Earlier This Week, North Carolina Lawmakers Advanced HB 398, a Bill Which Would Allow Gun Sales Without Background Checks, Ignoring Bills That Would Keep North Carolinians Safe
The North Carolina chapters of Moms Demand Action and Students Demand Action, both part of Everytown for Gun Safety, released the following statement after at least four children were shot in separate incidents over the past two weeks.
“Our hearts are broken for each of these children’s families and the unimaginable pain they’re going through,” said Scarlett Hollingsworth, a volunteer with the North Carolina chapter of Moms Demand Action. “And to our lawmakers, whose efforts to pass HB 398 would make it easy for people with dangerous histories to purchase guns with no background check and no questions asked – we’re begging you, abandon those efforts. If you succeed, more people could die.”
- Zakylen Harris, 7, was shot and killed in a road-rage incident on Wednesday while riding in a car with his mother and two other children.
- Gabrielle Jones, 7, was shot and killed in an unintentional shooting on April 13th.
- A 4-year-old girl was shot and wounded while sleeping inside her home on Wednesday; according to Wake County Sheriff Gerald Baker, “someone inside an unidentified car drove by the house and fired at least eight shots into the home.”
- An 8-month-old infant was shot and wounded while at home in her mother’s arms on Tuesday; according to Channel 9, “someone drove by and fired at least 15 shots, and that one of those bullets hit the baby.”
In an average year, 1,388 people die by guns and 3,407 people are wounded by guns in North Carolina. Firearms are the second leading cause of death among children and teens in North Carolina. Black children and teens in North Carolina are three times more likely than their white peers to die by guns.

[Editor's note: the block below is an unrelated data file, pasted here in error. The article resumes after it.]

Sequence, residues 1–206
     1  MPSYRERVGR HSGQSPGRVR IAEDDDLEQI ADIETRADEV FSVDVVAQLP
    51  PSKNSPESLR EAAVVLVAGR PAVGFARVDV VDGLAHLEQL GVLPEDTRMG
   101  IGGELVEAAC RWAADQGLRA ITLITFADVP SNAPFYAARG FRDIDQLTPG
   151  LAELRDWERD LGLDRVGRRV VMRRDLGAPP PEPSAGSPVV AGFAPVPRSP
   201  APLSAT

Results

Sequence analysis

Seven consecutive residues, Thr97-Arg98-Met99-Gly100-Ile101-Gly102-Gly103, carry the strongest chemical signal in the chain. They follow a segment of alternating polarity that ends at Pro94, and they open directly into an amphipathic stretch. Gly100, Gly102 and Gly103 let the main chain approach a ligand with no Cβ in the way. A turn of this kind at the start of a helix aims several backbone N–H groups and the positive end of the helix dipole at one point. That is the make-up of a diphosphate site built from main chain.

Gun violence costs North Carolina $9.6 billion each year, of which $418.0 million is paid by taxpayers.
HB 398, which advanced through the North Carolina House Judiciary 4 Committee Tuesday, would repeal North Carolina’s background check requirement on unlicensed handgun sales and make it easy for people with felony convictions, domestic abusers, and those prohibited based on mental illness to buy handguns in North Carolina. Since 1998, more than 80,000 firearm sales to prohibited purchasers have been denied in North Carolina. Each year, North Carolina’s background check system blocks nearly 2,000 illegal sales to people convicted of felonies and nearly 500 illegal sales to domestic abusers. Twenty-one states, including North Carolina, and the District of Columbia have laws requiring a person to pass a criminal background check before buying a handgun from an unlicensed seller. State laws requiring background checks for all handgun sales are associated with lower firearm homicide rates, lower firearm suicide rates, and lower rates of firearm trafficking. When Missouri repealed its purchase permit law requiring background checks, the state experienced an up to 27 percent increase in its firearm homicide rate.